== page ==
Students who enroll at a Roman Catholic college or university are more likely to receive a degree within four years than their peers at public or for-profit institutions, and graduation rates at Catholic colleges also exceed the rates at private nonprofit colleges in general, according to a report released Friday by the Association of Catholic Colleges and Universities.
The report, "Bachelor’s Degree Attainment: Catholic Colleges and Universities Lead the Way," found higher four-, five- and six-year graduation rates for all entering students at Catholic colleges than the average for the public, for-profit or private nonprofit sectors.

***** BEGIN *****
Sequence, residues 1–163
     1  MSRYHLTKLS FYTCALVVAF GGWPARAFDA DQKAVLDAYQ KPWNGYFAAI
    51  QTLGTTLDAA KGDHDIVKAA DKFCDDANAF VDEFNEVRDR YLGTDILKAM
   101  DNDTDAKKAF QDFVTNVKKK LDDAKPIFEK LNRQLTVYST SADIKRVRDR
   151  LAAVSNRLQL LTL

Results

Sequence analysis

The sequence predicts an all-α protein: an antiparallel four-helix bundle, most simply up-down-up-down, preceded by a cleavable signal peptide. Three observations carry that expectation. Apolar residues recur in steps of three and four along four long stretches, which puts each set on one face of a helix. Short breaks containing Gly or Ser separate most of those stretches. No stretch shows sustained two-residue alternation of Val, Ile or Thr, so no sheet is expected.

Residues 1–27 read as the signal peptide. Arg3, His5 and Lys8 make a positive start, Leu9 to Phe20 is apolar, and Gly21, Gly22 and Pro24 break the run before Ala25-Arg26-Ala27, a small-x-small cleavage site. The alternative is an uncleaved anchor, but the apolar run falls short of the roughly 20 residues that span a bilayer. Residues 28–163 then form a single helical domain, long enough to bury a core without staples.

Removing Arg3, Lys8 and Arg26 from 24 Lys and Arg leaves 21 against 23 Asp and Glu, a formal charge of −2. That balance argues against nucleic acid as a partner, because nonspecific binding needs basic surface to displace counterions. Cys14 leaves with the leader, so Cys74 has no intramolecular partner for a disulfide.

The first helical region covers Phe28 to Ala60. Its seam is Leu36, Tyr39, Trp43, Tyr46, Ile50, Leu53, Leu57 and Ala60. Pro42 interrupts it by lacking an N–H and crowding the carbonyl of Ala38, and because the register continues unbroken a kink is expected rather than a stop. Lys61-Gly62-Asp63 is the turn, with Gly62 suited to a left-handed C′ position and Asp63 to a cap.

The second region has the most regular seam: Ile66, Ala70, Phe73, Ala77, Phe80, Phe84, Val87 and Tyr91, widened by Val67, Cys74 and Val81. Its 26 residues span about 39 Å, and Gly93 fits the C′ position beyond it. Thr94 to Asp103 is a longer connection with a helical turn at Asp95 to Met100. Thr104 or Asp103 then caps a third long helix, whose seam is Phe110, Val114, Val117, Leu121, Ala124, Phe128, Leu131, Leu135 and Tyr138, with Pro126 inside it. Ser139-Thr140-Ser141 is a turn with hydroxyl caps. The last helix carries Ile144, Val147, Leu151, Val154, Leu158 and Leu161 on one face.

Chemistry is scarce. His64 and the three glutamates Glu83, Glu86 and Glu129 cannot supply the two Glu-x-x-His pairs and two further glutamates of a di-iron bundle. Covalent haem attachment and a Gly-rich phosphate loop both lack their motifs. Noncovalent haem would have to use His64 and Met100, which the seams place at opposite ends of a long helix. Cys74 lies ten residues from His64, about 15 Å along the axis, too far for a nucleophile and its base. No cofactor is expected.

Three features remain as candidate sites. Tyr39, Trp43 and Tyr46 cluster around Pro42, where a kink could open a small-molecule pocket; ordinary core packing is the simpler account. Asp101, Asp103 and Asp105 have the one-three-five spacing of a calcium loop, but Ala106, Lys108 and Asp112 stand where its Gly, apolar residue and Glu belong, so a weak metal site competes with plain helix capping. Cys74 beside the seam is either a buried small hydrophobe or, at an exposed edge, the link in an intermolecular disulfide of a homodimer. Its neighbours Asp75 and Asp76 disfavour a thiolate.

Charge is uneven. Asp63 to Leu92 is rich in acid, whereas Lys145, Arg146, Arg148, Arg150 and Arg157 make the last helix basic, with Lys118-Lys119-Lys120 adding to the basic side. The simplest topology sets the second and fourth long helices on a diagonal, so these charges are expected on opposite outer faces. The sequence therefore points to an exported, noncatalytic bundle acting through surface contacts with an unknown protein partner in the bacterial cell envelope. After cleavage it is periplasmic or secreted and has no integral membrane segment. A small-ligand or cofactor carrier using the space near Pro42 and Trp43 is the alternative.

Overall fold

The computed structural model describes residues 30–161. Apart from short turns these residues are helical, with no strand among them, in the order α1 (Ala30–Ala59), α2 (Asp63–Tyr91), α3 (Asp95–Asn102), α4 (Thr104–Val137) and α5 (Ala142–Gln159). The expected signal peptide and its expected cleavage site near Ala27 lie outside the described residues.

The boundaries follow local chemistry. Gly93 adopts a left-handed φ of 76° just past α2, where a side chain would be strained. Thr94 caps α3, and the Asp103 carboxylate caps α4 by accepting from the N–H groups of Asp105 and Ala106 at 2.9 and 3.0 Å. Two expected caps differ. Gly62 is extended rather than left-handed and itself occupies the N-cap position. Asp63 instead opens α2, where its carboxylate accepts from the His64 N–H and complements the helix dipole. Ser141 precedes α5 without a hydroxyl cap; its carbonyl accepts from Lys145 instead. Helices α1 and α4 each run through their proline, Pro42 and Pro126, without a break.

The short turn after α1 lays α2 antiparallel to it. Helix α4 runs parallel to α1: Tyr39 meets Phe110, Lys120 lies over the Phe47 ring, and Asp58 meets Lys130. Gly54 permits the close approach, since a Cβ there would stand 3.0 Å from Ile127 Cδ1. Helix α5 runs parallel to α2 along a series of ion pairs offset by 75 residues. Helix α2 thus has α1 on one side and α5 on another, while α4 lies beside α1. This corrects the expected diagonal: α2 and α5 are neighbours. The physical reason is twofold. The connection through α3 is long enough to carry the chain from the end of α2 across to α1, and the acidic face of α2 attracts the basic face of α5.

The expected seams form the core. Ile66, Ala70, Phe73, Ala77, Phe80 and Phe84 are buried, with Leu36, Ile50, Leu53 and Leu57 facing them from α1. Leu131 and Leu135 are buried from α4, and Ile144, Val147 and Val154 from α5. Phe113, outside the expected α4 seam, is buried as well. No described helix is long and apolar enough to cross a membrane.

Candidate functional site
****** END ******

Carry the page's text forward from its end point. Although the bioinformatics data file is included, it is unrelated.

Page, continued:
Using data from students who enrolled in Catholic institutions for the first time in fall 2006, 48.4 percent achieved a degree from their original institution within four years. 56.8 percent graduated with a degree in six years. Those figures are approximately 10 percent higher than attainment rates at Catholic institution’s counterparts. The higher attainment rates held true not only for those who began and remained at a Catholic institution, but also for those who transferred into a Catholic institution from other schools.
The report also noted one area where Catholic institutions did not fare as well. When compared with non-Catholic institutions, among part-time students, a larger proportion left Catholic institutions without attaining a degree.